We had a low-key and soggy weekend. Whatever you’ve heard about the terrible storms/tornados/monsoons in Indiana is true but in our particular corner of the world it just rained and blew. There are branches down (but mostly the branches that were going to come down sometime this winter anyway). There was even a nice break in the torrential downpour to let Booker walk the privies in not too much rain (extra points if you get the reference). Sending our thoughts and prayers to those who were hit hard by the storms.
November 18th was quite a day in history. Here are the highlights:
In 1307, William Tell shot an apple off his son’s head. There was no television coverage so we can’t be sure it happened. There is an overture but it wasn’t written in time for the event itself so the sound track was probably little Will mumbling about putting his crazy father in a home and locking up the bows and arrows.
The first English book, “Dictes & Sayengis of the Phylosophers”, was printed in 1477. It wasn’t until centuries later that printers were discouraged from inventive spelling.
In 1718, Voltaire’s “Oedipe” premiered in Paris. At least one critic wanted to put his own eyes out. Also in Paris (albeit several years later), the Louvre officially opened.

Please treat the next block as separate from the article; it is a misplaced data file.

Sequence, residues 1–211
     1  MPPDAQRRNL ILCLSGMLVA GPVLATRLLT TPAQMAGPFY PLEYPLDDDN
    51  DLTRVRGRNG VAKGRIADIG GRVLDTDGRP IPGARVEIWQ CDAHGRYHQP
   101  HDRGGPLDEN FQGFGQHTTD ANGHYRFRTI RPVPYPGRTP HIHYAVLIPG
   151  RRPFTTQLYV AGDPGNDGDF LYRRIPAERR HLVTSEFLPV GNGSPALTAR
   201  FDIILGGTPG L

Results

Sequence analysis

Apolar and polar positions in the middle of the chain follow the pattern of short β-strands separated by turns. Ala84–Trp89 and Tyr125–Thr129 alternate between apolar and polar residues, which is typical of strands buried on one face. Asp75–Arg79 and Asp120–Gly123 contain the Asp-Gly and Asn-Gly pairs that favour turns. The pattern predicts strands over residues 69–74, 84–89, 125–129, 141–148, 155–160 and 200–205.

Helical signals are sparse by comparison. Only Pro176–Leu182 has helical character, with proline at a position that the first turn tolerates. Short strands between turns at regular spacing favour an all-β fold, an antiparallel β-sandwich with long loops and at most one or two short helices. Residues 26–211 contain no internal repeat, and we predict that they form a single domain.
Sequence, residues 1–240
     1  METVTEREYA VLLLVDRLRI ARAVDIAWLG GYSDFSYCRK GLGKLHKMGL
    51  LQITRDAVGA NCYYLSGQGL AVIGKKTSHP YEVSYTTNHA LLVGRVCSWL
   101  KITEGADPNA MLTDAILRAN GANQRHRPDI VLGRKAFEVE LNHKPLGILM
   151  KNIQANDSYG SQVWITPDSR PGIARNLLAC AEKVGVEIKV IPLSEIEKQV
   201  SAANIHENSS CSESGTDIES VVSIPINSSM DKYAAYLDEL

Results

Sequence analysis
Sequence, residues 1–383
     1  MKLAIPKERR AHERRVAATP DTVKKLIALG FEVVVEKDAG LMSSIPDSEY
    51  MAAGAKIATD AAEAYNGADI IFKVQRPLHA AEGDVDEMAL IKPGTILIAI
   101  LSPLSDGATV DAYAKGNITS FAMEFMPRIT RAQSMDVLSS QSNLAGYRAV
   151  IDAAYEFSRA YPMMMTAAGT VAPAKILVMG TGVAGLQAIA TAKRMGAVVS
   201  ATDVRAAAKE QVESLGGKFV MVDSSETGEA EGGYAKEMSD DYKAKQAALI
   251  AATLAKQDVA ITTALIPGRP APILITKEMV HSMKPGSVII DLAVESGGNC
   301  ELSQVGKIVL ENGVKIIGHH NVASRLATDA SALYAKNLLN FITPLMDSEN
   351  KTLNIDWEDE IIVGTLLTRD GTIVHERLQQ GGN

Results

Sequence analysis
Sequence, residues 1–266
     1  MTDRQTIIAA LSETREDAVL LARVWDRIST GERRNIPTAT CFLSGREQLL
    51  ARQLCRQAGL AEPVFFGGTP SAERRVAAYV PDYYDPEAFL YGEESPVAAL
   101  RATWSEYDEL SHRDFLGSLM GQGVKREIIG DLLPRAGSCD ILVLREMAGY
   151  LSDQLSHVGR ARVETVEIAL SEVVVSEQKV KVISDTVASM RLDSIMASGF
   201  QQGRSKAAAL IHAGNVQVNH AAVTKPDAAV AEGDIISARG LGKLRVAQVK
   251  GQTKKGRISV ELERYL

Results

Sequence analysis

In 1820, US Navy Captain Nathaniel B Palmer discovered Antarctica. This was excellent news for penguins who then got their day in the sun (ok, they’d been in the sun) who then got their day in the limelight (remind me to look up the origin of the word ‘limelight’) but terrible news for Mrs. Captain Nathaniel B Palmer who had asked her hubby to run down to the corner store for a quart of milk.
November 18th was an excellent day for theater. Major Barbara, Skin of Our Teeth, and Fiddler on the Roof all premiered. If I were a Rich Mom I would take you to see them all. In 1928, Walt Disney’s Mickey Mouse appeared in NY in “Steamboat Willie” which is important because Steamboat Willie would eventually become an answer to a Jeopardy! question.
In 1963 (an excellent year), Bell Telephone introduced push button telephones (you know, the thing you can use to call your mother–hint, hint). One year later (not using the telephone), J. Edgar Hoover described Martin Luther King as a “most notorious liar” and the word “twit” was invented.
In 1902, Morris Michton of Brooklyn created a stuffed bear and named it after Teddy Roosevelt.
And then, O Best Beloved, we have the Most Important, Auspicious, Monumental, and Meaningful event to have happened in all of history on November 18th: In 1894, the NY World published the first newspaper Sunday color comics section. (I have to sit quietly for a moment and give thanks.)
Have a colorful day, sweetie,
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Kansas City from Oklahoma! (excerpted)
Ev’rythin’s like a dream in Kansas City,
It’s better than a magic lantern show!
Y’ c’n turn the radiator on
Whenever you want some heat.
With ev’ry kind o’ comfort
Ev’ry house is all complete.
You c’n walk to privies in the rain
And never wet your feet!
They’ve gone about as fur as they c’n go….